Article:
Recently, my dear friend and former graduate wife, Allison, recounted an experience she had while on the subway in Atlanta, an inspirational story of hope and love and what happens when strangers become your people. As I read it, I couldn’t help but think of all of us on this graduate journey, who are learning what it means to place trust in people who aren’t necessarily known to us. I was reminded of my own graduate school experiences, and the people along the way who were there during the unexpected times. My heart filled with gratitude. I hope you enjoy it. – Mandy


We all have our people, the tribe of folks providing a safety net of security so that we can take courageous leaps that would otherwise paralyze us in fear. These are the same faces that breathe encouragement into us when we are broken and joyously with us celebrate in our highs.

We can live life more fully because of the support of our people.

This weekend I had the opportunity of attending the Allume writer’s conference in South Carolina. On my way home, I stopped through Atlanta for a night with my sister’s family.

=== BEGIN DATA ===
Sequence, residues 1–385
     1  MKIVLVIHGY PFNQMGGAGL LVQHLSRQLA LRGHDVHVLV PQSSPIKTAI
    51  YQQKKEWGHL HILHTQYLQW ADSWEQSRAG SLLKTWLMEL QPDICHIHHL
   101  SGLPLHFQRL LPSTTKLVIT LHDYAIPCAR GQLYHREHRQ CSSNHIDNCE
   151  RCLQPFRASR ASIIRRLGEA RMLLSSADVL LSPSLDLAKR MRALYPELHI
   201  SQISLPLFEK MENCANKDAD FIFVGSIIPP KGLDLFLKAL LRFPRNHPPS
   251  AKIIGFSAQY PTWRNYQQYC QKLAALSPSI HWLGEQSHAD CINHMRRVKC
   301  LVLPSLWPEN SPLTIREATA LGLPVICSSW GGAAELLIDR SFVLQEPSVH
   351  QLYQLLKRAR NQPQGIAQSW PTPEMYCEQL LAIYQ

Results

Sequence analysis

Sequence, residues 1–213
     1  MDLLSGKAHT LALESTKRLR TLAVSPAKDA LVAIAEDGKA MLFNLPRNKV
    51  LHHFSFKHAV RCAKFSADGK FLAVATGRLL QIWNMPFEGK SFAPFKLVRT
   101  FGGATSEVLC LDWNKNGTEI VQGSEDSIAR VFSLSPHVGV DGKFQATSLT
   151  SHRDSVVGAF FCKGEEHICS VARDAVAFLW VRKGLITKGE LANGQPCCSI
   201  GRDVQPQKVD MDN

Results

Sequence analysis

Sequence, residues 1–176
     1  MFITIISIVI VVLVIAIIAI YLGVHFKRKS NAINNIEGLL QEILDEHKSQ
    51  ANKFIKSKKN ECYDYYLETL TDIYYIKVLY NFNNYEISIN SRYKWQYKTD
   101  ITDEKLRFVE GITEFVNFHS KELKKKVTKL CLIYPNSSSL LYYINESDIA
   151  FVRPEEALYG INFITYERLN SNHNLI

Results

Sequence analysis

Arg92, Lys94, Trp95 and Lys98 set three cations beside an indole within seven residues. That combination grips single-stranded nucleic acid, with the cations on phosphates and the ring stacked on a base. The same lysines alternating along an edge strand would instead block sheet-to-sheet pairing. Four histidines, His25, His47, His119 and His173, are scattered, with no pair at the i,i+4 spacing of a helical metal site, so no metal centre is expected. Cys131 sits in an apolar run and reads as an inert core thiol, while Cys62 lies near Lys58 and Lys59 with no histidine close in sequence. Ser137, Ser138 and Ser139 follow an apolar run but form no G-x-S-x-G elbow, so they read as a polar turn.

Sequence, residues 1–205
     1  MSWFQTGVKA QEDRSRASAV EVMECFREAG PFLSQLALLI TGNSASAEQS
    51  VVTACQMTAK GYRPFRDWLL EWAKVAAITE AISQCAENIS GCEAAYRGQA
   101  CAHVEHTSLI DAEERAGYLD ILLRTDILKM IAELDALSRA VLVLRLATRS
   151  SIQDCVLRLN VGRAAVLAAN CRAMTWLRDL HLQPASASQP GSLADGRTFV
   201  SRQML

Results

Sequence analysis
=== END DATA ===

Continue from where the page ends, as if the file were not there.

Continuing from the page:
As I waited at the Marta station this morning to take a train to the airport, I noticed an elderly woman standing uncomfortably, hunched over, clutching her bag as if somebody were going to grab it and run. Her acute self-awareness clearly communicated this was her first and last Marta trip to the airport.

In an effort to put her at ease, I engaged in small talk about my three children. Her flight was not for another 6 hours, but she worried about this trip to the airport, a ride her children had assured her was a simple process.


The direct train to the airport never arrived. I explained that we needed to hop on a different line and switch trains, but not to worry because we were going to do this together. This overwhelmed her. She did not yet trust me, but realized what we both knew…I was her best option. She had no people.

We rolled our bags onto the train to get situated. As the train jerked into gear, the next few minutes felt like slow motion. My new friend had such a death grip on her bags, she had forgotten to hold on. Her 78-year-old self went flying through the cabin. Several of us attempted to break her fall but failed. She went down…hard. She yelled in panic. Bags scattered. We all jumped to her aid.